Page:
72. 72.
    Gleichmann E, Pals ST, Rolink AG, Radaszkiewicz T, Gleichmann H: Graft-versus-host reactions: clues to the etiopathology of a spectrum of immunological diseases. Immunol Today 1984;5:324.CrossRefGoogle Scholar
  73. 73.
    Via CS, Shearer GM: T-cell interactions in autoimmunity: insights from a murine model of graft-versus-host disease. Immunol Today 1988;9:207.PubMedCrossRefGoogle Scholar
  74. 74.
    Meyers CM, Tomaszewski JE, Glass JD, Chen CW: The nephritogenic T cell response in murine chronic graftversus-host disease. J Immunol 1998;161:5321.PubMedGoogle Scholar
  75. 75.
    Okamoto I, Kohno K, Tanimoto T, et al.: IL-18 prevents the development of chronic graft-versus-host disease in mice. J Immunol 2000;164:6067.PubMedGoogle Scholar
  76. 76.
    Kawamura T, Kawachi Y, Kuwano Y, et al.: Mechanisms involved in Graft-versus-Host disease induced by the disparity of minor histocompatibility Mls antigens. Scand J Immunol 1999;49:258.PubMedCrossRefGoogle Scholar
  77. 77.
    Halder RC, Kawamura T, Bannai M, et al.: Intensive generation of NK1.1 extrathymic T cells in the liver by injection of bone marrow cells isolated from mice with a mutation of polymorphic major histocompatibility complex antigens. Immunology 2001;102:450.PubMedCrossRefGoogle Scholar
  78. 78.
    Wenisch C, Wenisch H, Bankl HC, et al.: Detection of anti-neutrophil cytoplasmic antibodies after acute Plasmodium falciparum malaria. Clin Diagn Lab Immunol 1996;3:132.PubMedGoogle Scholar
  79. 79.
    Lloyd CM, Collins I, Belcher AJ, Manuelpillai N, Wozencraft AO, Staines NA: Characterization and pathological significance of monoclonal DNA-binding antibodies from mice with experimental malaria infection. Infect Immun 1994;62:1982.PubMedGoogle Scholar
  80. 80.
    Ribeiro CD, Alfred C, Monjour L, Gentilini M: Normal frequency of anti-thyroglobulin antibodies in hyperendemic areas of malaria: relevance to the understanding of autoantibody formation in malaria. Trop Geogr Med 1984;36:323.Google Scholar
  81. 81.
    Kataaha PK, Facer CA, Mortazavi-Milani SM, Stierle H, Holborow EJ: Stimulation of autoantibody production in normal blood lymphocytes by malaria culture supernatants. Parasite Immunol 1984;6:481.PubMedGoogle Scholar
  82. 82.
    Ribeiro CT, De Roquefeuil S, Druilhe P, Monjour L, Homberg JC, Gentilini M: Abnormal anti-single stranded (ss) DNA activity in sera from Plasmodium falciparum infected individuals Trans R Soc Trop Med Hyg 1984;78:742.CrossRefGoogle Scholar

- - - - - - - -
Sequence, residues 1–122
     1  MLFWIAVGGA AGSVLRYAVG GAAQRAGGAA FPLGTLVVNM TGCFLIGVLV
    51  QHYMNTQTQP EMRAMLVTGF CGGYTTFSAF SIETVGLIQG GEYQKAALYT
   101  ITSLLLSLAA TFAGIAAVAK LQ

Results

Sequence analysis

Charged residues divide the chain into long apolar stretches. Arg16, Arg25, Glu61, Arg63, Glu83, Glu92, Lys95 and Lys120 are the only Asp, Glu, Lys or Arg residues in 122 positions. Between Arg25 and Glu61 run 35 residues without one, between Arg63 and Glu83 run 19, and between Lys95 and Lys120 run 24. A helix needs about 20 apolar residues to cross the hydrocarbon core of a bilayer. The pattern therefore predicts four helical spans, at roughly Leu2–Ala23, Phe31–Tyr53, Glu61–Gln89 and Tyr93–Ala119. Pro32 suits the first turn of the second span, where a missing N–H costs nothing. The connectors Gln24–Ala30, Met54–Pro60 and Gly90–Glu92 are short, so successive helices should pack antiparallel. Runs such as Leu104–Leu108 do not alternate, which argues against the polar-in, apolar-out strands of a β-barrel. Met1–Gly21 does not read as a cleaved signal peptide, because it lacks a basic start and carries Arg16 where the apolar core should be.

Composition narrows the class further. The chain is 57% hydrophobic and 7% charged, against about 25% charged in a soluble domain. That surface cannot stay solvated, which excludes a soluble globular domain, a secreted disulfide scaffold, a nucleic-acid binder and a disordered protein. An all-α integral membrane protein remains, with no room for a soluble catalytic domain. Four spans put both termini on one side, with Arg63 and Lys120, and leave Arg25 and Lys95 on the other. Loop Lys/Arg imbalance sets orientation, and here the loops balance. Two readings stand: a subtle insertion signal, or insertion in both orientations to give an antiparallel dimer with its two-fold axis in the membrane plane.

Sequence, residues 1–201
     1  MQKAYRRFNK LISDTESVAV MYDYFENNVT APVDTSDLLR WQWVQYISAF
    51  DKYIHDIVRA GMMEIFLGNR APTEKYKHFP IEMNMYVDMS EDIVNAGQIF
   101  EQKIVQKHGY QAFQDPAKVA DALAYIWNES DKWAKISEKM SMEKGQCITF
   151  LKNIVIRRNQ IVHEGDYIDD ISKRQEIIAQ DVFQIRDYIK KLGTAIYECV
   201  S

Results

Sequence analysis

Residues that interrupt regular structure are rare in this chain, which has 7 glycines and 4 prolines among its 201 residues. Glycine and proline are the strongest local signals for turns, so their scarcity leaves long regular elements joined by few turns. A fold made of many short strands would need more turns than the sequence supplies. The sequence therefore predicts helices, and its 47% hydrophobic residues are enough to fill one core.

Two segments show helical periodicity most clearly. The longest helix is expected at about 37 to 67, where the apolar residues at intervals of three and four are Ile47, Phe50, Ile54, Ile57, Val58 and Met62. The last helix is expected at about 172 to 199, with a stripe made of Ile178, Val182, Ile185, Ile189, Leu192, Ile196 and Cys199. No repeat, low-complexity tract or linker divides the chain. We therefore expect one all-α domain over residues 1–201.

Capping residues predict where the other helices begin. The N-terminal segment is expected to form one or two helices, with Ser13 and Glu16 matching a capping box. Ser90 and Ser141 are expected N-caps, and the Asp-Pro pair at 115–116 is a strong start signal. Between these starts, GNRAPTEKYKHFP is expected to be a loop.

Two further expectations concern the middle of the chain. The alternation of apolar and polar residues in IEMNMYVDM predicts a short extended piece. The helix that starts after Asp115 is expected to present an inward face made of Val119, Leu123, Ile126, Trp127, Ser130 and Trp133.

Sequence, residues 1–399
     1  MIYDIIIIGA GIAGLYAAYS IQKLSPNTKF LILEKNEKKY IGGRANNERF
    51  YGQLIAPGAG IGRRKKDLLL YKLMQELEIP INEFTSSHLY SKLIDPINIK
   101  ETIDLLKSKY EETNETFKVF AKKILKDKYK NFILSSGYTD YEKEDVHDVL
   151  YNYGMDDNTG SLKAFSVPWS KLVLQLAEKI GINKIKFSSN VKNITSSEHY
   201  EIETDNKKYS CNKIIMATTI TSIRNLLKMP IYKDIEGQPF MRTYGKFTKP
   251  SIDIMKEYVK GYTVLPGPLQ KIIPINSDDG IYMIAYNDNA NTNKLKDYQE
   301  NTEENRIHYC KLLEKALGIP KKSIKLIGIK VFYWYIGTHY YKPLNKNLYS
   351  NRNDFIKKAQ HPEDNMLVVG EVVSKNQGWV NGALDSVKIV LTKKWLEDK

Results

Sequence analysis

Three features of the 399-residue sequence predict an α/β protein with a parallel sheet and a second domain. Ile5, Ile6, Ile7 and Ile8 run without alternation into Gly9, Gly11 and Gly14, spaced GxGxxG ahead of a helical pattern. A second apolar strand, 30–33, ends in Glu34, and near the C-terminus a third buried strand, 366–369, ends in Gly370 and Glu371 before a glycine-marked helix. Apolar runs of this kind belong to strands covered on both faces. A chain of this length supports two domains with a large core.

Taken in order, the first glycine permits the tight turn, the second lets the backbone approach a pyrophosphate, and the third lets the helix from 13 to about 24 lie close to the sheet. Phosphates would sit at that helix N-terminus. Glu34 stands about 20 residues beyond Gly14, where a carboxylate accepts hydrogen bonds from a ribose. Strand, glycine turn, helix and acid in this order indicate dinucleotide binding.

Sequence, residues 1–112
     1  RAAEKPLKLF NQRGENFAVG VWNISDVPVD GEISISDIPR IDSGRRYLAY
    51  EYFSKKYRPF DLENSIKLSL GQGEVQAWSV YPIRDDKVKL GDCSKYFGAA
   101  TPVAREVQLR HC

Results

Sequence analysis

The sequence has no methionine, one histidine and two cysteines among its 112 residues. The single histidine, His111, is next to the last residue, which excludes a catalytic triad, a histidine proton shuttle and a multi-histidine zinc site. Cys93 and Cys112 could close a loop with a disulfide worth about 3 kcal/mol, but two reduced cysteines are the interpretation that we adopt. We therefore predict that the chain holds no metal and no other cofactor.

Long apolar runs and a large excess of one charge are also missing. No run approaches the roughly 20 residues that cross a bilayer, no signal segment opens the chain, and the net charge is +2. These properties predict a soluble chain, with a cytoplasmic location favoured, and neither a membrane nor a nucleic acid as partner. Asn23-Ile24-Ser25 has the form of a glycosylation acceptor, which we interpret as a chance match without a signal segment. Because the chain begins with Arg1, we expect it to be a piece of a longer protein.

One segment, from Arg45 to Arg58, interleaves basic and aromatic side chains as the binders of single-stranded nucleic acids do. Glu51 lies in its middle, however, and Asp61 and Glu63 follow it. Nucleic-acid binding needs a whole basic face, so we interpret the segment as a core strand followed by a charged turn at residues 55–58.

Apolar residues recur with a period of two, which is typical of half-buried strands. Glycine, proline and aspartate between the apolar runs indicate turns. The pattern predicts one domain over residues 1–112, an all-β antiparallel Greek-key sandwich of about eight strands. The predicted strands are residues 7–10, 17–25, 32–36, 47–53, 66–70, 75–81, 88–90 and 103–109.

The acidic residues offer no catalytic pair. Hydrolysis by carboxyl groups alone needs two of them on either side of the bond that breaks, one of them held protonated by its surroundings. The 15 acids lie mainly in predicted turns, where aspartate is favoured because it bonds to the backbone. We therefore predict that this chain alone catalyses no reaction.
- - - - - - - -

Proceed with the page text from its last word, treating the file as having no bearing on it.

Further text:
83. 83.
    Kawamura T, Toyabe S, Moroda T, et al.: Neonatal granulocytosis is a postpartum event which is seen in the liver as well as in the blood. Hepatology 1997;26:1567.PubMedCrossRefGoogle Scholar
  84. 84.
    Maruyama S, Minagawa M, Shimizu T, et al.: Administration of glucocorticoids markedly increases the numbers of granulocytes and extrathymic T cells in the bone marrow. Cell Immunol 1999;194:28.PubMedCrossRefGoogle Scholar
  85. 85.
    Shimizu T, Kawamura T, Miyaji T, et al.: Resistance of extrathymic T cells to stress and the role of endogenous glucocorticoids in stress associated immuno suppression. Scand J Immunol 2000;51:285.PubMedCrossRefGoogle Scholar
  86. 86.
    Abo T, Kawamura T, Watanabe H: Physiological responses of extrathymic T cells in the liver. Immunol Rev 2000;174:135.PubMedCrossRefGoogle Scholar
  87. 87.
    Minagawa M, Oya H, Yamamoto S, et al.: Intensive expansion of natural killer T cells in the early phase of hepatocyte regeneration after partial hepatectomy in mice and its association with sympathetic nerve activation. Hepatology 2000;31:907.PubMedCrossRefGoogle Scholar
  88. 88.
    Oya H, Kawamura T, Shimizu T, et al.: The differential effect of stress on natural killer T and NK cell function. Clin Exp Immunol 2000;121:384.PubMedCrossRefGoogle Scholar
  89. 89.
    Kato T, Sato Y, Takahashi S, Kawamura H, Hatakeyama K, Abo T: Involvement of natural killer T cells and granulocytes in the inflammation induced by partial hepatectomy. J Hepatol 2004;40:285.PubMedCrossRefGoogle Scholar
  90. 90.
    Kawabe S, Abe T, Kawamura H, Gejyo F, Abo T: Generation of B220low B cells and production of autoantibodies in mice with experimental amyloidosis: association of primordial T cells with this phenomenon. Clin Exp Immunol 2004;135:200.PubMedCrossRefGoogle Scholar
  91. 91.
    Tsukahara A, Tada T, Suzuki S, et al.: Adrenergic stimulation simultaneously induces the expansion of granulocytes and extrathymic T cells in mice. Biomed Res 1997;18:237.Google Scholar
  92. 92.
    Kawamura T, Miyaji C, Toyabe S, Fukuda M, Watanabe H, Abo T: Suppressive effect of anti ulcer agents on granulocytes—a role for granulocytes in gastric ulcer formation. Digest Dis Sci 2000;45:1786.PubMedCrossRefGoogle Scholar
  93. 93.
    Kato T, Sato Y, Takahashi S, Kawamura H, Hatakeyama K, Abo T: Involvement of natural killer T cells and granulocytes in the inflammation induced by partial hepatectomy. J Hepatol 2004;40:285.PubMedCrossRefGoogle Scholar
  94. 94.
    Schwartz M, Cohen IR: Autoimmunity can benefit self-maintenance. Immunol Today 2000;21:265.PubMedCrossRefGoogle Scholar

Copyright information

© Humana Press Inc. 2005

Authors and Affiliations

  1. 1.Division of Cellular and Molecular Immunology, Center of Molecular BiosciencesUniversity of RyukyusOkinawaJapan
  2. 2.Department of ImmunologyNiigata University School of MedicineNiigataJapan

Personalised recommendations